Wednesday, October 08, 2008

able-bodied disability

as i was walking home yesterday, i saw the usual football (soccer) practices at the varembe stadium near my house. i saw children aged 10 or 11 with their football shoes, one with neon spikes! as i watched the little boys, i also saw a little girl. she was wearing a loose maroon shirt and baggy shorts, with her long curly auburn hair tied back over her broad shoulders. she watched the two little boys and had the look of beckoning in her eyes as if to say "can i play with you?" she also looked a little masculine. whether that masculinity will stay till adolescence well into adulthood, only time can tell.

when i had deposited my things at home i went for a longer walk/jog (more walk than jog) before going to a friend's house. from far off, i saw a little girl being pushed by a carer (maybe her mother) in her colourful wheelchair. i vaguely remember whether it was her wearing the colours or that her wheelchair had colourful wheels with kaleidoscopic designs on them. all i remember is seeing the colours from about 100 metres away and seeing the little girl. she seemed happy.

then i thought to myself ... look at that girl, enjoying her "walk" and seeing life. then i thought about our blind translator here who comes in to translate day in and day out.

what do all these three have in common? disabilities.

the first girl is disabled by societal norms. she is not "normal" as she is a little girl playing soccer with the boys. the second and third are physical disabilities.

i once asked a priest, if disabled people have crutches, hearing aids, etc., then what do gay people have? he couldn't answer me. i often think that to myself ... what is a gay person's crutch? if God made us the way we are supposed to be, gay people included, then maybe we are supposed to make the most of what we have and have a sort of positive "crutch" to help us live as normally as possible.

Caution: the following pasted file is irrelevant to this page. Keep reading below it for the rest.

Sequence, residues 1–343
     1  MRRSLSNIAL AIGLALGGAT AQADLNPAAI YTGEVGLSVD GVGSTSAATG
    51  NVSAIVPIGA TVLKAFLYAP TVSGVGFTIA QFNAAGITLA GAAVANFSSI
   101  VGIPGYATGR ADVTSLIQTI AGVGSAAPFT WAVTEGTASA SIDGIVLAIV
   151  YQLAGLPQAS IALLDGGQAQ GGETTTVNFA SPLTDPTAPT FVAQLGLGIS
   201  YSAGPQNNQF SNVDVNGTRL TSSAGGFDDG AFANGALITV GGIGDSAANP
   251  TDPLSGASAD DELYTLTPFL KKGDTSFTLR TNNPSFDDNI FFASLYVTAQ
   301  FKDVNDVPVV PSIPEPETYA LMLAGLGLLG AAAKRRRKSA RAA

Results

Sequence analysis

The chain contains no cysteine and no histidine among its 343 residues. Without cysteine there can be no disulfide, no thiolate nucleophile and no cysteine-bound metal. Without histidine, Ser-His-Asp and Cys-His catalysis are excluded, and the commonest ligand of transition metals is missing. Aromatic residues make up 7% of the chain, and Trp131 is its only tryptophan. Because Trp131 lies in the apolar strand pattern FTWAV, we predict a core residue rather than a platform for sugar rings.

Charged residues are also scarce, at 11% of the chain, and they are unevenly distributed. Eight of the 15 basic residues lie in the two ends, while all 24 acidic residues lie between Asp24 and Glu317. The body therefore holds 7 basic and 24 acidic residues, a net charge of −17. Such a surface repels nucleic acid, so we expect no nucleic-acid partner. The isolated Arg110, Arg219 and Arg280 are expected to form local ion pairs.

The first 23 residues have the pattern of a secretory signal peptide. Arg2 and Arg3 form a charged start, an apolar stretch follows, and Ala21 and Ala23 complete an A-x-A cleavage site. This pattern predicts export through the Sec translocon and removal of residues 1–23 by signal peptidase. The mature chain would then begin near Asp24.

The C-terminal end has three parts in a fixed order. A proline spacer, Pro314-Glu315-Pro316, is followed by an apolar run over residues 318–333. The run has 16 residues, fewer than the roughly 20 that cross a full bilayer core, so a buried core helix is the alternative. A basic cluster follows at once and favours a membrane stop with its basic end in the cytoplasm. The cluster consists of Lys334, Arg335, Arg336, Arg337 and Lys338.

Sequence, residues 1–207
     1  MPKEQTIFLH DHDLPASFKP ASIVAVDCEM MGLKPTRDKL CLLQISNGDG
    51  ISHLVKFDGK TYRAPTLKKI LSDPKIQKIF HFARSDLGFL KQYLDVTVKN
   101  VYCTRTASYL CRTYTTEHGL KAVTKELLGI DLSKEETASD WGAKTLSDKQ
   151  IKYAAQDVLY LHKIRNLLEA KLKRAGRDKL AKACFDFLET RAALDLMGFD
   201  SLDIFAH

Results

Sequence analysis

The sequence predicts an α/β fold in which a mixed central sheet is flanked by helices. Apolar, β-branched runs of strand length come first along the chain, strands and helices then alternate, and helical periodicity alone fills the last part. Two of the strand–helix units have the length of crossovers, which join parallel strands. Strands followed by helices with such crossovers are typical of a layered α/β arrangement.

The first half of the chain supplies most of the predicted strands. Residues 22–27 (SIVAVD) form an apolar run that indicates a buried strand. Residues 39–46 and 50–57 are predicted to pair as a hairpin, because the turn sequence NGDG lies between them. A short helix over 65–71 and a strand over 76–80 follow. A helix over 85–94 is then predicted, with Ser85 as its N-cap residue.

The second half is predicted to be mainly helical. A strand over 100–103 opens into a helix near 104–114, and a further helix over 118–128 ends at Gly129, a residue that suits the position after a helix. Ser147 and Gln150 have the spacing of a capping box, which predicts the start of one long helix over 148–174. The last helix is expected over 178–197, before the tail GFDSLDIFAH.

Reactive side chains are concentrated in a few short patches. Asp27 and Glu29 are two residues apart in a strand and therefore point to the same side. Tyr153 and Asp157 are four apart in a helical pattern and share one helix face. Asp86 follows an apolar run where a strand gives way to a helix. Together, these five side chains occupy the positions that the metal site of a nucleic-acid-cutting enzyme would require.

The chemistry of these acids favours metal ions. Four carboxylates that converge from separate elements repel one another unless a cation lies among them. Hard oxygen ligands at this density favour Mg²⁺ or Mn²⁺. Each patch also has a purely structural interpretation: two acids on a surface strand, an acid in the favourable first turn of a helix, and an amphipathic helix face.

not everybody would say that a girl playing with a ball was bad but some also would. girls "should" be playing with dolls. aha! so, no more girl engineers who like to play with tools! and no boys around the sewing table! i just found out last night that a guy friend sews! i was amazed and felt frustrated again as i want to sew my curtains! it's only a straight line after all! but that's another story.

see, there's a lot of should's and shouldn'ts in this world. the social sciences would like to call it all "social constructs". in the Bible in Genesis, it's said: He created man in His image, Man and Woman, He created them. one colleague told me: the literal interpretation would be the anatomical man and woman. but God is infinite in His ways: we are all made with more or less testosterone or estrogen in both species. thus, you have effeminate men and muscular women.

i got to talking to my colleague about "insecurities" which i think is an able-bodied disability. it's similar to my concept of "prisoners of our minds". we are only restricted by the confines of our minds. if we are constricted by the confines of our bodies, there are ways to go around that disability. but what do we do when the disability lies in ourselves? what is our crutch? who should we call?

repeat these words to yourselves: I AM BEAUTIFUL, I AM LOVED, I AM FORGIVEN BY THE MERCY OF GOD. (something i learned from my mom who got the mantra from the Dominican Sisters of Regina Rosarii.)

you are beautiful, you are loved, you are forgiven by the mercy of God. who can argue with that?

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